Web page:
Front row, left to right: Clare De Young, Katherine Bozarth, Nicole Salmi, Christine Burns, Dyllin Sloan, Bobby Nguyen, Colton Somes, Fred Liu (leading faculty of TCA)
Second row left to right: Ryan Halterman, Brett Lee, Parker Burchett, Taylor Mauzy, Andrew Lavoie, Corey Ross (EWU alumnus and co-founder of Finagraph)
This summer, the EWU Center for Entrepreneurship (CFE) will be hosting their inaugural technology commercialization academy. Beginning June 25 through August 17, 12 fellows will meet at EWU’s Spokane campus four days a week to develop real world business plans, meet with local business experts and spend time at Startup Spokane.
The idea for the academy originated from Provost Gordon and resulted in a partnership with Washington State University (WSU).
“At his prior university, he had done something similar to this and it was really successful and a very exciting learning opportunity for the students,” said Bruce Teague, associate professor of management and director of the center for entrepreneurship. “Our vision for entrepreneurship on campus is that ideas for businesses and organizations come from everywhere. Given that vision, Provost Gordon suggested that this might be a really great fit for connecting students across our university to a really cool, real world opportunity.”
Teague then met with Brian Kraft of WSU who were willing to bring in intellectual property that their researchers had developed but hadn’t been moved forward, solving the question of how the academy would supply the inventions for the fellows.
Teague, along with Carolyn Wika and Fred Liu, CFE director of technology commercialization, applied for a grant through Herbert B. Jones Foundation and just four weeks ago discovered they had been rewarded roughly $124,000 to support the academy for three years. The grant also allows them to offer financial support to the fellows completing the program.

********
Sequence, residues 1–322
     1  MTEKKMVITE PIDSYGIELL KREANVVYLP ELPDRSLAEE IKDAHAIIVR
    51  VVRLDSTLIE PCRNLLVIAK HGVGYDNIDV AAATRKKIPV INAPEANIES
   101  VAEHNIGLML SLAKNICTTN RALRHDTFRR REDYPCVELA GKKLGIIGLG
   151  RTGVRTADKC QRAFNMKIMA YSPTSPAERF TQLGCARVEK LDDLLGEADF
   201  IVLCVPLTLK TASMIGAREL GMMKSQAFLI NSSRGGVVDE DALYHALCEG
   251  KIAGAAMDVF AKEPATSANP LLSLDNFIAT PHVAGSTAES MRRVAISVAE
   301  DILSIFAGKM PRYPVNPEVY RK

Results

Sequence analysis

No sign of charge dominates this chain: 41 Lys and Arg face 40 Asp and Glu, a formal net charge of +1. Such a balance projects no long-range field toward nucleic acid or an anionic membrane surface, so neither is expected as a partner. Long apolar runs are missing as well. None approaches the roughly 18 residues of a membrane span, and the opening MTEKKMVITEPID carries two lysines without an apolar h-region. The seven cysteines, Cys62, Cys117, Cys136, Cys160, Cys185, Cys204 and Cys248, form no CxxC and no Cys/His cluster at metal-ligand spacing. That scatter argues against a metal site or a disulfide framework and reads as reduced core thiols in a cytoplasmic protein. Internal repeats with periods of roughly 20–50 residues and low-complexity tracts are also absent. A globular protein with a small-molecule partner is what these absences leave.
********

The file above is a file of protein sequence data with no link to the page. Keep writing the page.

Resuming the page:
“If they complete the program successfully, then they are designated EWU technology commercialization fellows and they will receive a $1,500 stipend that they can use any way that they’d like,” said Teague.
The application for the academy consisted of two questions: why are you interested in the academy and what can you contribute to the academy? The application was and will continue to be open to all students across campus for the next two years.
Teague and Liu aimed for a diverse group of students, selecting just one to two students from each major. This year’s academy includes students from computer science, marketing, philosophy and more.
Once the fellows complete their commercialization plans, they have the opportunity to compete in business plan competitions on campus and all over the country, giving them the chance to network with students from other universities who are doing similar things to what they’re doing.
“There is a full spectrum of possibilities,” said Teague. “It’s also a chance to win money that can seed the start of these companies without any equity exchange at all which is a phenomenal opportunity. Additionally, if there is enough promise to the commercialization plan that they develop, they can easily license it through WSU and they can launch these companies if they want.”
The Center for Entrepreneurship hopes to continue to grow the academy over the coming years. Each year will be slightly different, with a different technological focus and a possibility for an increased number of fellows.
“The things that the students at this university are creating, the potential they’re unleashing is unbelievable,” said Teague. “The goal is to unleash the potential of this campus and it’s amazing what is happening already and what’s being produced.”
For more information on the Center for Entrepreneurship, visit their website.